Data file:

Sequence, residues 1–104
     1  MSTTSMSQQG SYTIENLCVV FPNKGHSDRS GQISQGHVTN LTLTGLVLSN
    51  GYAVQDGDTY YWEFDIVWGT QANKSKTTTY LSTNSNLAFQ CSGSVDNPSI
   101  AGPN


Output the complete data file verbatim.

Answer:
Sequence, residues 1–104
     1  MSTTSMSQQG SYTIENLCVV FPNKGHSDRS GQISQGHVTN LTLTGLVLSN
    51  GYAVQDGDTY YWEFDIVWGT QANKSKTTTY LSTNSNLAFQ CSGSVDNPSI
   101  AGPN